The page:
TORONTO - Ontario's self-proclaimed "education premier" is defending his ban of junk food in schools and allowing schools to raise money — two issues that have come under fire along the campaign trail.
Liberal Leader Dalton McGuinty said Monday he won't forbid fundraising if he's re-elected Oct. 6, but will keep the ban on junk food.
Some groups may be critical of fundraising because some schools end up with more money than others, but the practice has been going on for a long time, said McGuinty.
"Certainly when I was young, I recall coming home with a box of chocolate bars with my brothers and sisters and having a bit of a competition as to who could sell the most without eating the most," said the 56-year-old premier, who grew up in a family of 10 children.
His Liberal government has brought in new fundraising guidelines for schools this year — a first for Ontario — to ensure transparency about what's appropriate and inappropriate, he said.
"Those rules are new and I'm sure they're going to serve us all very well," McGuinty added.
Liberal officials later clarified that the government's fundraising rules are still in draft form. However, there are new guidelines introduced this fall that spell out when a school can ask students for extra cash for learning materials and activities.
Under the guidelines, schools cannot charge for textbooks, science lab materials, art supplies or musical instruments. Schools cannot apply a fee to anything that is mandatory, essential for classroom learning, or the completion of a course, including a student registration fee.
The new rules were sparked by parent advocacy group People for Education, which issued a report in March saying fees charged for courses, student activities and athletics were on the rise across the province.
The province's Education Act already prohibited fees for any curriculum requirements students need to graduate high school.
The problem stems from a flawed funding formula for schools that was put in place under the Mike Harris Conservatives, said NDP Leader Andrea Horwath. McGuinty promised repeatedly to fix the formula but never did.
"We have been talking for some time about the amount of fundraising in schools and, of course, the difference between those neighbourhoods and communities and families that have the resources to fundraise and those that don’t," she said in Toronto.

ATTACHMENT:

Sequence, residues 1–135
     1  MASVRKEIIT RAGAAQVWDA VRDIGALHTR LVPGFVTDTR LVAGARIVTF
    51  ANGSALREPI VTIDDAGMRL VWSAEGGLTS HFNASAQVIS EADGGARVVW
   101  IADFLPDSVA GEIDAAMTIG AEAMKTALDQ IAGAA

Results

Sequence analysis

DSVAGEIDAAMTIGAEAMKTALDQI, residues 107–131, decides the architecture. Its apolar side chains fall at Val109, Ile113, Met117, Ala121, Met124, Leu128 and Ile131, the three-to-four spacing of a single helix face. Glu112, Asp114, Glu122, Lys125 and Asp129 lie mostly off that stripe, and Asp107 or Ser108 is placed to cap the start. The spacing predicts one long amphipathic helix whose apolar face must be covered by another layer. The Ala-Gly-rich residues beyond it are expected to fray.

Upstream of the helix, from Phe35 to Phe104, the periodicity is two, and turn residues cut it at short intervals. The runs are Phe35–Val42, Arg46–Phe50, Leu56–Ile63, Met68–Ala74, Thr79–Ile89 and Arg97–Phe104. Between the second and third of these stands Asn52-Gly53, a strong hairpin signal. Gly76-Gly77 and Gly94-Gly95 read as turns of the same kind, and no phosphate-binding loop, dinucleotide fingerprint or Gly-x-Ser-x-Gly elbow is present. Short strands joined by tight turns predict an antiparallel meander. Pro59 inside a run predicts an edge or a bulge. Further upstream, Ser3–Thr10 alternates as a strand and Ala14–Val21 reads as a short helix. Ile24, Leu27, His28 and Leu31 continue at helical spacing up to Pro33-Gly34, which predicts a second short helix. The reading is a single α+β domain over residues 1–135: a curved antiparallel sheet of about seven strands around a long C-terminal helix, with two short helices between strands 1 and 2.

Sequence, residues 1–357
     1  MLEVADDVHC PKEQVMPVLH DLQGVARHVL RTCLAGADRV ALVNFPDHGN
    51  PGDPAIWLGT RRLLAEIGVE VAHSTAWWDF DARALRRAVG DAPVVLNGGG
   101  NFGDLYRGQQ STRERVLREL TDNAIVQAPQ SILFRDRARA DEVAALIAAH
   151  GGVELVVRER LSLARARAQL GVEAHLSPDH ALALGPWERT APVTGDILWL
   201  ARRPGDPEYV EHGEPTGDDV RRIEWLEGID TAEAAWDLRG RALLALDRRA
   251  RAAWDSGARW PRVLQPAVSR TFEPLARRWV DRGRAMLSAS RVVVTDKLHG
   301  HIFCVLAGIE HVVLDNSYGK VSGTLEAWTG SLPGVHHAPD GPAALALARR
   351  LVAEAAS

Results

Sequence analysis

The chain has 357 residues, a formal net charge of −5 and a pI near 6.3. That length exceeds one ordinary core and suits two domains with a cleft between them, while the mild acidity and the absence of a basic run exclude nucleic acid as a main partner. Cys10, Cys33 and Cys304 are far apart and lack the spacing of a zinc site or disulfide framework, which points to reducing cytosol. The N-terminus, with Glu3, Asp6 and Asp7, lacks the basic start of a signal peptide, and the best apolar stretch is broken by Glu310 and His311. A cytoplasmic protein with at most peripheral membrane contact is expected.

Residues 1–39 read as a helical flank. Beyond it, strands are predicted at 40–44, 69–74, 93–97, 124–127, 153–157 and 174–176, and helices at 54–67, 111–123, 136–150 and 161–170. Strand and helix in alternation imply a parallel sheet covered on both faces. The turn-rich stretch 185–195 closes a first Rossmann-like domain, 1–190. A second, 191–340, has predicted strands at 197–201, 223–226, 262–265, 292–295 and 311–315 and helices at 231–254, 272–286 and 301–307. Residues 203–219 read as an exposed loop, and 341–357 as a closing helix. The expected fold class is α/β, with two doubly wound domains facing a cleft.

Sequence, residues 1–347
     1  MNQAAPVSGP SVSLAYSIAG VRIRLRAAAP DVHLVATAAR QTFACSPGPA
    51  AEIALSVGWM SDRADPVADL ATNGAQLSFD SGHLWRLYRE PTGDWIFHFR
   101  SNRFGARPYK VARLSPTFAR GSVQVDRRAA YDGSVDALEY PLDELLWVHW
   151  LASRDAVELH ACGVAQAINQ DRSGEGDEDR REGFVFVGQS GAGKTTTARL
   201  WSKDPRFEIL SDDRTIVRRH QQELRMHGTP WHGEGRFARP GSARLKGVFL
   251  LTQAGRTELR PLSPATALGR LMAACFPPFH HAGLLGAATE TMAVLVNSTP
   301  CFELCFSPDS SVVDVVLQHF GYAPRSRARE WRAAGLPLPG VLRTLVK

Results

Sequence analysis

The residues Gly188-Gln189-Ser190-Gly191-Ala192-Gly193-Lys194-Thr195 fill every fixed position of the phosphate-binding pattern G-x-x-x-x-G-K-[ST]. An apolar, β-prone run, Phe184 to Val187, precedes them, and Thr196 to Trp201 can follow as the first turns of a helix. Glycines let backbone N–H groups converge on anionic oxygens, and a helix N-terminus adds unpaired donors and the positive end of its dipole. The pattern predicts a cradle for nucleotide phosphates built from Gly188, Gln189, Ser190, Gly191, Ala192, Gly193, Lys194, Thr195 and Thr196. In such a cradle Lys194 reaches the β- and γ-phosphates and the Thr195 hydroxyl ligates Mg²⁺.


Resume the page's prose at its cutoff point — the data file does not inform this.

"We haven't released our education policy yet, it's coming very soon, but yes, we need to tackle absolutely the inequalities that schools now face in terms of fundraising."
Fundraising is a good way to get involved in your school, said Annie Kidder of People for Education. The problem is that there's an increased reliance on fundraising and a growing gap between schools on what they generate, which can have an impact on a child's education.
Some schools raise nothing, while others can collect $275,000 a year through fundraising activities, she said.
"I think that the guidelines in some ways are helpful," she said.
"I think in other ways, we have concerns about the guidelines because they seem to entrench fundraising. The assumption is that fundraising is a necessary part of how we fund our schools."
The draft guidelines also suggest that parents and communities should be able to fundraise for capital projects, she said.
"If I can fundraise for a new gym or a new auditorium for my school — even other kinds of facilities inside the school, a new computer lab for instance ... then I think the danger is that you kind of exacerbate the problem and that gap between the richer and the less-rich schools," Kidder said.
McGuinty's education policy has also come under fire from Progressive Conservative Leader Tim Hudak, who called his ban on junk food in schools one of the premier's "bizarre obsessions."
"Dalton McGuinty has show a bizarre interest in the kind of food that we pack for our kids for school, when I think parents are worried about the quality of education they're receiving in the classroom," Hudak, whose nearly four-year-old daughter Miller just started school, said at an earlier event in Mississauga.
McGuinty dismissed his opponents remarks, saying what's really important is that class sizes are down and test scores and graduation rates are up.
"Is it important to us as parents that the kids eat in a healthy way? I think so too," he said. "But that certainly has not been the main focus of what we've done in our schools."
Earlier in the day, McGuinty kicked off Week 2 of his campaign by touting his economic plan to a business audience in Toronto — a key battleground in the upcoming Oct. 6 election.
He then toured the Electrovaya factory in Mississauga that makes electric car batteries before joining his former rival, ex-Conservative leader John Tory, on his Toronto radio show.
McGuinty was to finish his day with an evening speech in Richmond Hill, north of Toronto, for a Chinese Moon Festival celebration.